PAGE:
Category Archives: Crime fiction and film from Mexico

The Big Nowhere #4: Naked Alibi

Naked Alibi poster 2The Big Nowhere is a series of columns I’ve been doing for the 4:3 site, in which I look at the best film noir you’ve never heard of. Number 4 in the series is Jerry Hopper’s 1954 B-noir, Naked Alibi. A tale of desperate men, a femme fatale, jealously, obsession, set in a seedy small town, just your average film noir cocktail. What makes this otherwise average film worth seeing is the presence of Sterling Hayden as the disgraced cop and Gloria Grahame as the singer, two of the most interesting actors who worked in film noir in the late ’40s and ’50s.

You can read the piece in full here on the 4:3 site.

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Sicario, the myth of American innocence & the war on drugs

SicarioIn the mid-nineties, my brother and I drove all the way down the west coast of Mexico, stopped in Guatemala for a couple of weeks, then drove up Mexico’s eastern coast to Texas and onto Florida. Our time in Mexico was pretty much problem free (with the exception of the time we were pulled over by narcotics police at a check point on a remote stretch of road outside Cancun and my brother dissed one of the cops – but that’s another story). Indeed, the only instance in which we were threatened with genuine violence occurred not in Mexico but when gun was pulled on us in a bar in Miami. I struggled to reconcile my memories of Mexico as I watched Denis Villeneuve’s Sicario.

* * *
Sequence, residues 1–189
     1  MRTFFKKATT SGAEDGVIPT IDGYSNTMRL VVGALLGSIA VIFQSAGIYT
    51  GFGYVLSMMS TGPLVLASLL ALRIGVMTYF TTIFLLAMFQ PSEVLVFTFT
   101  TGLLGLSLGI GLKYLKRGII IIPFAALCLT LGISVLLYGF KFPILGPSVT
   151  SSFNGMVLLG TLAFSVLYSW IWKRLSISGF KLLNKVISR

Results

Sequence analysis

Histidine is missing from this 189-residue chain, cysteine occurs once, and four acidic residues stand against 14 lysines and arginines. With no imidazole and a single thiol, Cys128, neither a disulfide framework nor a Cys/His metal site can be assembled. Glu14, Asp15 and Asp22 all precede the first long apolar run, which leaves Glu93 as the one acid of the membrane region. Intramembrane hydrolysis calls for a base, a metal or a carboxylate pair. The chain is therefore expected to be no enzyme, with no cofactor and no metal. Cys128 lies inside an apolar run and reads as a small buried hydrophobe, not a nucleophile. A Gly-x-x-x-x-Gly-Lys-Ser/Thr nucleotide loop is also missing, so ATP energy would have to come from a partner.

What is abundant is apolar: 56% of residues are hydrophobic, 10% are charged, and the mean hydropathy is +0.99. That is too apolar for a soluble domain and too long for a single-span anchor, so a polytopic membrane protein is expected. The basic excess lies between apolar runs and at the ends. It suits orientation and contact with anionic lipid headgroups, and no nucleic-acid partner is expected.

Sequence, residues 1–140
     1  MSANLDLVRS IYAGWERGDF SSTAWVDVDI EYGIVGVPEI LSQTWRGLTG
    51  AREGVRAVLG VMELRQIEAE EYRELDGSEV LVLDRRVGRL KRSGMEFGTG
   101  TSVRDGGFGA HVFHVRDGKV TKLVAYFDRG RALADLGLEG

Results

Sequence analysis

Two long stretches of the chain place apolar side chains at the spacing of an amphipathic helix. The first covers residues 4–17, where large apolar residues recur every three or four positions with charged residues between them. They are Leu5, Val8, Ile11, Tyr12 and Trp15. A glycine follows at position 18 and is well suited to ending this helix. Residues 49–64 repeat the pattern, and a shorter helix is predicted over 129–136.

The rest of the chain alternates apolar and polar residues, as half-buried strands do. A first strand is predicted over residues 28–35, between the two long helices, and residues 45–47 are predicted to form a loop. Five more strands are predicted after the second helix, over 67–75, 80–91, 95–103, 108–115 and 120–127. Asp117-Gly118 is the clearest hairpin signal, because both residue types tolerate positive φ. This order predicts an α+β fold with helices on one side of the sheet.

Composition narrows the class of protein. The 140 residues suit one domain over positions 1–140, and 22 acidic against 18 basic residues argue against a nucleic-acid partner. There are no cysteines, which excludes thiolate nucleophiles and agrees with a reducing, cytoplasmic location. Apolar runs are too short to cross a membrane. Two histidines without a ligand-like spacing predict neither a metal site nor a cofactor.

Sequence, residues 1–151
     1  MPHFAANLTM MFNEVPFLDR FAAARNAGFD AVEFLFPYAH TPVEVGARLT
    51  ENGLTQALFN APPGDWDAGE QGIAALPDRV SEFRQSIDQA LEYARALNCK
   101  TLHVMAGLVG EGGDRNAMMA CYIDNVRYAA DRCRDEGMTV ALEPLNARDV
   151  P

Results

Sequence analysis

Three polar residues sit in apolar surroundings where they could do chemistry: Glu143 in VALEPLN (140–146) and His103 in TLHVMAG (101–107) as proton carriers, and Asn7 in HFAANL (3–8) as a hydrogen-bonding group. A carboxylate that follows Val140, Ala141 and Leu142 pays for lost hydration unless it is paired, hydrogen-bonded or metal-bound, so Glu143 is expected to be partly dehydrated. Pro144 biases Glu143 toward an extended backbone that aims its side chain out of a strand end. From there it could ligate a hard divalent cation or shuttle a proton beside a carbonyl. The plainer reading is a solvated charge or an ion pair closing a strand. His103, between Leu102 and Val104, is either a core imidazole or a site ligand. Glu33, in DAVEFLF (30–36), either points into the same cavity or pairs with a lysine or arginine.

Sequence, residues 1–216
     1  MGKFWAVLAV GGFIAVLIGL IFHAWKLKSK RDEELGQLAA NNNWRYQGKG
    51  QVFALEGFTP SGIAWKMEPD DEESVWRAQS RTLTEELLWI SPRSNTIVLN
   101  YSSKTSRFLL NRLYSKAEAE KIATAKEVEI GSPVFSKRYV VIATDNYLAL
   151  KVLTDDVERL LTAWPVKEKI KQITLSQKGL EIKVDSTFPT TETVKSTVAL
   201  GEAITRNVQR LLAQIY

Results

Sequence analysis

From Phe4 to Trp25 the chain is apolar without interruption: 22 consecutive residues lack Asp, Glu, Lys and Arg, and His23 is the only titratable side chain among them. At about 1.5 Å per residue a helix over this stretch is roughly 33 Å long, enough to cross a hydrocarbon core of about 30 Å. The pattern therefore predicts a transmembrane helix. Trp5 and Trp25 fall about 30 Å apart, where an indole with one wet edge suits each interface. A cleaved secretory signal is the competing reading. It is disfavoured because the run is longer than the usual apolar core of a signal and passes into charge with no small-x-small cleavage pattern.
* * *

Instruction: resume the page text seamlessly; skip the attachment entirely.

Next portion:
Sicario (warning, spoilers follow) opens with a group of police, led by Kate Macer (Emily Blunt) busting into a house in the outer suburbs of Phoenix, suspected of having links to one of the Mexican drug cartels. There they make a gruesome discover. Entombed in the plasterboard walls are numerous corpses, wrapped in plastic, the victims of cartel kidnapping and murder. No sooner have forensics arrived to start cataloguing the bodies, then a bomb goes off in the backyard, killing two of the officers.

Kate is called into a meeting with her superiors and a mysterious man called Graver (Josh Brolin) and asked whether she wants to volunteer for a new assignment.… Read more

Miff report back #4: Cartel Land

CartelCartel Land, Matthew Heinemann’s gripping third documentary examines vigilantism, the so-called war on drugs and the break down of state authority on both sides of the US/Mexico border. Unintentionally or otherwise, it is also a powerful depiction of the nature of masculinity in conflict zones.

The story focuses on two men on either side of the border. Tim ‘Nailer’ Foley has been a survivor of child abuse, a drug addict and a hard working family man, in that order, before the 2008 recession capsized his economic hopes and eventually led him to the US side of the Arizona border with Mexico. There he began a one-man effort to prevent the spread of human and drug trafficking onto America soil, which has slowly attracted other followers, largely men, but also a few women, who share his concerns.